The best games of chess are considered beautiful. They are admired, and replayed around the world by enthusiasts for that reason, apart from the practical use of studying such games. Yet when we play a game, the only real consideration is how to win it, never mind whether the method of winning is attractive or not. What if we devise a position specifically to demonstrate a beautiful or artistic chess idea? That, in fact, is what occurs in the composition of a chess problem. When you solve such a problem, its composer’s aesthetic intent is revealed in the play of the solution.
So chess problems – also known as chess compositions – are enjoyed on two levels. On a basic level, they work as challenging puzzles. You are given a position and an accompanying task, such as “White to play and mate in two moves”, that must be fulfilled. On a higher level, problems are aesthetic works designed to show an interesting theme – the composition’s main idea. How exactly are themes artistic? It varies, but important factors include subtlety, elegance, economy, paradox, and unity of play. The latter concept of unity is especially noteworthy; most good problems have multiple variations that are related to each other in some way, to create a harmonious impression.
Chess problems come in a variety of genres, the most common of which is the directmate. In this type of problem, White plays first and forces mate in the specified number of moves, against any Black defence. Only one of White’s first moves is able to achieve this, and the solver’s task is to discover this unique move, called the key. If another move, unintended by the composer, solves the problem too, that alternative move is called a cook, and the problem becomes unsound. Such faulty problems, however, are rarely seen nowadays (especially in directmates) because of the practice of computer-testing, which ensures that cooks are eliminated.
American Chess Bulletin 1942
3rd Hon. Mention
Mate in 2
Let us consider our first example, 1, a two-mover. The problem’s stipulation or task is given next to the diagram as “Mate in 2”, indicating it’s a directmate and White must mate by the second move. The solution begins with 1.Kc2! – the '!' signifies the key – after which the threat is 2.Sb3 mate. Black can parry this threat with various defences, but these moves enable White to mate in other ways. For example, 1…bxc3 2.Bxc3 – the two moves here, Black’s defence and White’s correct response, constitute a variation. The main variations of this problem are 1…Bf5+ 2.Se4, 1…R1g2+ 2.S1e2, and 1…R5g2+ 2.S3e2. These lines represent the thematic play because they share a number of elements: Black checks, but unguards a white piece (rook or bishop) that’s training on the black king, allowing White to answer the check by interposing a knight, and discover mate at the same time. Such a tactic, in which White stops a check by interposition, and gives check as well with the same move, is known as a cross-check, and its recurring use is the theme of this problem.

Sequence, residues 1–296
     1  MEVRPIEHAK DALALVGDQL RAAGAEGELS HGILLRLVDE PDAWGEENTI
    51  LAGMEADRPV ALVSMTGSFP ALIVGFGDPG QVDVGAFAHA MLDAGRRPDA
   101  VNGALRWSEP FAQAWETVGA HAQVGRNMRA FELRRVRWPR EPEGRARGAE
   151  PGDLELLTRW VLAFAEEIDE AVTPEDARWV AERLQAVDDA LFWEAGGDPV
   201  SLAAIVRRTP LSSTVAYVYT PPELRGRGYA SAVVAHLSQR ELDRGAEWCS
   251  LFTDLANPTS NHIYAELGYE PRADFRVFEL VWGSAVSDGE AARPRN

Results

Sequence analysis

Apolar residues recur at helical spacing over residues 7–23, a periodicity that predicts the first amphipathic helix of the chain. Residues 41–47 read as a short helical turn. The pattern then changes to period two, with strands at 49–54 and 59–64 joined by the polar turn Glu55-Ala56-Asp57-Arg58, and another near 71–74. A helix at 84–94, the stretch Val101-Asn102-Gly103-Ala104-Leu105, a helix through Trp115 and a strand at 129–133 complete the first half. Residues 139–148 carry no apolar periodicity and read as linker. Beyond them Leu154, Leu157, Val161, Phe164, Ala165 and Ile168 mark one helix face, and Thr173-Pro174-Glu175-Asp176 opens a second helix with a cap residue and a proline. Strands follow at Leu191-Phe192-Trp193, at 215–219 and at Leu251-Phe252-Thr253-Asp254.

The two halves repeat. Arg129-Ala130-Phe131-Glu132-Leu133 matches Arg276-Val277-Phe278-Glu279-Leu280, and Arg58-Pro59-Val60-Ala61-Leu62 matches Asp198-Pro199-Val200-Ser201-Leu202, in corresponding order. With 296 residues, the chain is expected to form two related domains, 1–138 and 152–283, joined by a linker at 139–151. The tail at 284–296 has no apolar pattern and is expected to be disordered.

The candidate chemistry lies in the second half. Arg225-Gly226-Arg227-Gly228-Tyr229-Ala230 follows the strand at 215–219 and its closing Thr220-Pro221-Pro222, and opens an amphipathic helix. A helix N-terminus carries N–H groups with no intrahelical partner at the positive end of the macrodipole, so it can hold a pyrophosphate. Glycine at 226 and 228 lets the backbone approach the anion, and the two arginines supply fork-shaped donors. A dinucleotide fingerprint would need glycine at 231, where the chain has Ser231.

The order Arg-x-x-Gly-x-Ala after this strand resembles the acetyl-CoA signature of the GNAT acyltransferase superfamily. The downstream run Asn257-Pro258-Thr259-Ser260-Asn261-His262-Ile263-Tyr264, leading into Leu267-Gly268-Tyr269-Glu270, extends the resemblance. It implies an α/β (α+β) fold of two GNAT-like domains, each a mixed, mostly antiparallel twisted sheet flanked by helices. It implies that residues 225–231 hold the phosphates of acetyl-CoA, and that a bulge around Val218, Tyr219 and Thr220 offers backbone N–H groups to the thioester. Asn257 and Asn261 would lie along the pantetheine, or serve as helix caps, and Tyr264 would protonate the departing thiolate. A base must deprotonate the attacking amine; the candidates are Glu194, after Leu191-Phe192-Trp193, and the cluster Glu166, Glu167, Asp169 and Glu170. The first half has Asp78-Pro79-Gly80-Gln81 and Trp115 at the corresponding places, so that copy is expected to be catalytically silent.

Various conventions apply to key-moves in directmates, and knowing them will assist you when solving this type of problem. The desired feature of subtlety means that keys are very unlikely to be checks. Keys that capture a piece are almost unheard of, for the same reason, though the capture of a pawn is acceptable. In contrast to obviously aggressive keys that are frown upon, keys that apparently weaken White or strengthen Black are viewed as good in the artistic sense. Though not all directmates are successful in incorporating them, you should keep in mind the possibility of such paradoxical keys. A perfect illustration is 1, which has an excellent key because it exposes the white king to numerous checks.
The Power of the Pieces 1976
Mate in 2